|Barbossa vs. Cap'n Jack Sparrow|
Pirates of the Caribbean
Every virtue is a mean between two extremes,
Each of which is a vice.
Captain's Crunch: Seven Tensions of Leadership
In their recent article, Every Leader Needs to Navigate These 7 Tensions, Jennifer Jordan, Michael Wade and Elizabeth Teracino contrast old- versus new-school (business) leadership paradigms They propose that a superior balance may be achieved between the opposing tenets of their respective approaches, rather than adhering rigidly to either one.
In sailing terms, we might (very loosely, I admit) think in terms of Cap'n Barbossa vs. Cap'n Jack Sparrow.
Balancing opposing values is something I think a lot about in boat design and sailing, so I perked up when I came across the article.
Let's take a gander:
Tension 1: The Expert vs. the Learner
We who captain presumably have been gathering experience, skills and, hopefully, wisdom along the way. But no matter how much we know, our crew bring their own knowledge and perspective which can benefit the ship. The sea has its own lessons.
Zen calls this balance beginner's mind.
Tension 2: The Constant vs. the Adaptor
The value of a good plan is indisputable. They put us in sync with wind and tides, making the most of them in a traverse. But they can also lead to dangerous, wishful thinking and denial of warning signs.
Make the best plan possible, but stand by for evolving situations.
Tension 3: The Tactician vs. the Visionary
Sailing is tactics in service of vision. No tactics in the world will tell you where you want to sail. No wanting will get us there without tactics.
May our spirit be willing, and our flesh be strong!
Tension 4: The Teller vs. the Listener
The captain has the final word; s/he must tell the crew what to do. But listening is vital as well, from the call-out of the lookout to the wishes of the most junior aboard. At least if we want a happy ship.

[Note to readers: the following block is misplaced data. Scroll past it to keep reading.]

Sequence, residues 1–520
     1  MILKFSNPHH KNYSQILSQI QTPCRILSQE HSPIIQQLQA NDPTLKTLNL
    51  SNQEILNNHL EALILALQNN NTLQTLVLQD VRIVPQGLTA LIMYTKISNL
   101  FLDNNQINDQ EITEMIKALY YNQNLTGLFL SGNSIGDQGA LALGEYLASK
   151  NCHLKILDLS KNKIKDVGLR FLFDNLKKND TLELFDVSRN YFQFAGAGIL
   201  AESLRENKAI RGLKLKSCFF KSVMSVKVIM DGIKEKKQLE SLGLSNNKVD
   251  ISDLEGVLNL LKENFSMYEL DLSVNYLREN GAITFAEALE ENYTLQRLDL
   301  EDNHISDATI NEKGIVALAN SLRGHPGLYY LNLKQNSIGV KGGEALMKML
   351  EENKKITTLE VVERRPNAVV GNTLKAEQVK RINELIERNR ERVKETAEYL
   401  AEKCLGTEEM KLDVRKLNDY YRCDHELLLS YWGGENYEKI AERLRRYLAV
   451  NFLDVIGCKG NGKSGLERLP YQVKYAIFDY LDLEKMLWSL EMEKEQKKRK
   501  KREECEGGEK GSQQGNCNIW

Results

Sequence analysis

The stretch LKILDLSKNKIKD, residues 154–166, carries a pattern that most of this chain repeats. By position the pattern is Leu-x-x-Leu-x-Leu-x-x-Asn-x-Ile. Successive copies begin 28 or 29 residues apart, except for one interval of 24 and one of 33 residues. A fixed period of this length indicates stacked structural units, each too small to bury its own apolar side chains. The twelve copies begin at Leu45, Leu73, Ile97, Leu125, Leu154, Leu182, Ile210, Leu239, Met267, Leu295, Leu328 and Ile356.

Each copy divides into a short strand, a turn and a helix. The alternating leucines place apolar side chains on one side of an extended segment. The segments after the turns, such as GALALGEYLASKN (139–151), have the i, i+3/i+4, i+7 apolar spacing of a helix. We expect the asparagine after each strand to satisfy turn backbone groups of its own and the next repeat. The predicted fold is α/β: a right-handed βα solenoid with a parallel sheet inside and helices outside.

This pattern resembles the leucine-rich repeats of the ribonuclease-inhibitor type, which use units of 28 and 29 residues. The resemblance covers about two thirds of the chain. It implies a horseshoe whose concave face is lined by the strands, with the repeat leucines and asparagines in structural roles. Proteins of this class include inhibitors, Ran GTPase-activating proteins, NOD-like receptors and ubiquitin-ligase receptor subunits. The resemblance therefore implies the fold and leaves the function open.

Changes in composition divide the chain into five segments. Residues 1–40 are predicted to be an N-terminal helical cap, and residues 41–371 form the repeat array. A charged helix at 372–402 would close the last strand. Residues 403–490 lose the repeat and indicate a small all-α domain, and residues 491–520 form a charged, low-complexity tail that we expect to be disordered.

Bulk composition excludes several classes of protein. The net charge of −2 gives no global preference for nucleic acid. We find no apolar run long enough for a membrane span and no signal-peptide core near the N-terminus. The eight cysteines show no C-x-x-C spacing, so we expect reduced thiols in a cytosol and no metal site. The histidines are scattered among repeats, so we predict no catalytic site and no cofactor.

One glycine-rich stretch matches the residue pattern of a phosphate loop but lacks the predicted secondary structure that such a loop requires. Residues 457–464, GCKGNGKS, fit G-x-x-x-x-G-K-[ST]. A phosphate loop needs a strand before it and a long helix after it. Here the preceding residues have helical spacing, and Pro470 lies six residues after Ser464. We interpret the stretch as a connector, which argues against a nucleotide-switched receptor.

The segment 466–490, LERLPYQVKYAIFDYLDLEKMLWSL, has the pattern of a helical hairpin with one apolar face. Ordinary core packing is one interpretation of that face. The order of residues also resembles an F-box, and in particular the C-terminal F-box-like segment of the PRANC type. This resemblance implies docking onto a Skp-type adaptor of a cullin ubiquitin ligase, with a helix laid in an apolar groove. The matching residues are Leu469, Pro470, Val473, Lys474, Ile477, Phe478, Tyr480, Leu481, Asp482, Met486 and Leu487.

Knowledge speaks; wisdom listens. -- Jimi Hendrix
Tension 5: The Power Holder vs. the Power Sharer
Captains must command; a ship cannot be safely run by committee. Yet crews may be empowered through training, consultation and even turns as captain (in which case we become hearty crew for the duration). Note that captains are often not the best sailor on board.
One at a time and a clear order of succession!
Tension 6: The Intuitionist vs. the Analyst
Intuition is a powerful force, honed by four billion years of evolution. But analysis is a powerful tool. Intuition guided by reason is what makes human beings so formidable.
All gut, no glory.
Tension 7: The Perfectionist vs. the Accelerator
Do we wait until everything is perfect? Or wing it? On the one hand, perfection will be attained never. On the other, look what happened to Icarus. We need a solid vessel under us; not the perfect one. We need to know enough; not everything.
Go small, go simple, go now!
They follow up with some how-to nuggets which pretty much speak for themselves:
- Learn, Adapt, Practice
- Contextual Awareness
Suffice it to say that, all of these represent a balancing act. It's hard work in a dynamic environment.
Don't beat yourself up over mistakes... they happen. Don't go it alone if you've got friends and crew to help. Do strike a balance between in-control Cap'n Barbossa and slippery Cap'n Jack Sparrow.
It'll be worth the effort!